Netbeans RCP is lot simpler for development, you should not dismiss it just because of the IDE preferences. There is a free book about it that is a good starting point.

There is also the option of e4 that should be significant improvement for eclipse but I can't say that I have used it yet

Related resource worth looking might be :

Netbeans RCP vs Eclipse RCP

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I don't know of any framework as such, but Netbeans provides a drag and drop wizard for Swing components. Eclipse also has similar plugin but it is based on the Netbeans plugin.

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Check out JGoodies. Not only is the Look and Feel much better they also offer a framework to design Swing apps.

The big issue when it comes to desktop applications is that it really depends on what you're trying to design. Unlike webapps where it's webpage->request->webpage, desktop application can pretty much do anything. There is no standard cycle, even for business apps. It's much much more like AJAX than say your normal Java EE or PHP webapp. And how many AJAX libraries actually offer a framework other than calling and updating specific components.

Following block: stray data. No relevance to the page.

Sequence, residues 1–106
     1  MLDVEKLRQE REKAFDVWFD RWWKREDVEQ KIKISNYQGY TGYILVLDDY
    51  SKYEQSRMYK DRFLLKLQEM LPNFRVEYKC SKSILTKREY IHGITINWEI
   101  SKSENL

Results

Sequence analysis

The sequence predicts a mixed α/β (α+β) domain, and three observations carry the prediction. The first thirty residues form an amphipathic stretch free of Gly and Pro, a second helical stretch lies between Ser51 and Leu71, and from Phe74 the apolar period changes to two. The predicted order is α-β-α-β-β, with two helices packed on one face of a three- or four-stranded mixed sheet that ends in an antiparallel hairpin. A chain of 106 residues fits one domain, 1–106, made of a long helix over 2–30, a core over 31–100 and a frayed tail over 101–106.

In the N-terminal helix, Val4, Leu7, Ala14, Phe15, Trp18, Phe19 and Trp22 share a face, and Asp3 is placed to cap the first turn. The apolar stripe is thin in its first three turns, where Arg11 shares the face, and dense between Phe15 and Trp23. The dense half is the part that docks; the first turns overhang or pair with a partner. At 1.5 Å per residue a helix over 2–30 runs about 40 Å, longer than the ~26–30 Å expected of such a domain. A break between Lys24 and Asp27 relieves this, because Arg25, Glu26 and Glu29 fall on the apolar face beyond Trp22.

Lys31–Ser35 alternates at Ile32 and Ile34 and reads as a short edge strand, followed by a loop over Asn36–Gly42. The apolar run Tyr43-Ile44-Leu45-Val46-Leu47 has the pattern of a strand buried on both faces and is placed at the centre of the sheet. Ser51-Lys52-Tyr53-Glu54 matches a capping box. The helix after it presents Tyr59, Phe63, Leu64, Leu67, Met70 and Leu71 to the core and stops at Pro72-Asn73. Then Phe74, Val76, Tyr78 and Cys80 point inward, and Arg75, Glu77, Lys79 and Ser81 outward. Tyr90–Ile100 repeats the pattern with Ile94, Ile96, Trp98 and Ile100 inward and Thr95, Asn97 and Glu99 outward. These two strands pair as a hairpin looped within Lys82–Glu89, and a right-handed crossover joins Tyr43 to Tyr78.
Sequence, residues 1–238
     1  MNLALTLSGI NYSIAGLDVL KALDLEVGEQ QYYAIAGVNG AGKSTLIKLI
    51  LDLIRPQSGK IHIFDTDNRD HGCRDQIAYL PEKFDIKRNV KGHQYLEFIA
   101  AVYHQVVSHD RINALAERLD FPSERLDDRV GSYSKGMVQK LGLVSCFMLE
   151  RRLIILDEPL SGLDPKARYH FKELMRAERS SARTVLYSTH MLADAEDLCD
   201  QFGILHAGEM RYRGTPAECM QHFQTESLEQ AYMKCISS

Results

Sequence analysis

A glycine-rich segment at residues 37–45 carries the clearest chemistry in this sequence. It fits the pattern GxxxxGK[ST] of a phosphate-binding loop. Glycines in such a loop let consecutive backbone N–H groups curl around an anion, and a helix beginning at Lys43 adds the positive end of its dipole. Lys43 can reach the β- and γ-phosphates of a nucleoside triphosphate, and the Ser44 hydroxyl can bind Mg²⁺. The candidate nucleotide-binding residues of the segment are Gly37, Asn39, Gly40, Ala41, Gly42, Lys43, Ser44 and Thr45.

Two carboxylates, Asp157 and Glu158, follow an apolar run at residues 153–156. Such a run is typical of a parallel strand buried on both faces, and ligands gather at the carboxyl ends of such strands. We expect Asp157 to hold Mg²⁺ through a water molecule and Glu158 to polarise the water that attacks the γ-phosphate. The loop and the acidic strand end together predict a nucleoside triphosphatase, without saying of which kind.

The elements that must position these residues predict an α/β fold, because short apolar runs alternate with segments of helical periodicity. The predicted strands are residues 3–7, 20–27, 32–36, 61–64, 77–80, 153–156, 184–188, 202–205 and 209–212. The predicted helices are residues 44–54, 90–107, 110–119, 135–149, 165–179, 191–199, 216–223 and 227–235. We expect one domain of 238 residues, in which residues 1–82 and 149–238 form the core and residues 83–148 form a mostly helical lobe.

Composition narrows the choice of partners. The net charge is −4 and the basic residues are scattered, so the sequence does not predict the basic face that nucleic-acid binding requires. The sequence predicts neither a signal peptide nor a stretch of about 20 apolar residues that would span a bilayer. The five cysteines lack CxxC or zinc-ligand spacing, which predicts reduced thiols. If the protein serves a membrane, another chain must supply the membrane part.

You could have menus, buttons, panels being updated, things being rendered on the fly, graphs changing, data being updated, etc.

If you're just looking for forms, then JGoodies is probably your best bet.

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Do you mean their free libraries or commercial products? – user1091733 Jan 20 '13 at 22:26
Both OR either depending on your specific needs. – Stephane Grenier Jan 21 '13 at 8:37

I found out that many things repeats and should be done quickly and in convenient way, like application lifecycle, logging, alerts, authorisation, forms and their validation.

I'd recommend to extract these into your personal "Core" library that you can share and use across all your projects. Since you already implemented the things you're talking about, it should be easier to generalize them than study a completely new framework. Probably, a private Maven project?

The development focus is moving towards Web and Mobile, so we shouldn't expect any considerable efforts from framework vendors for Desktop.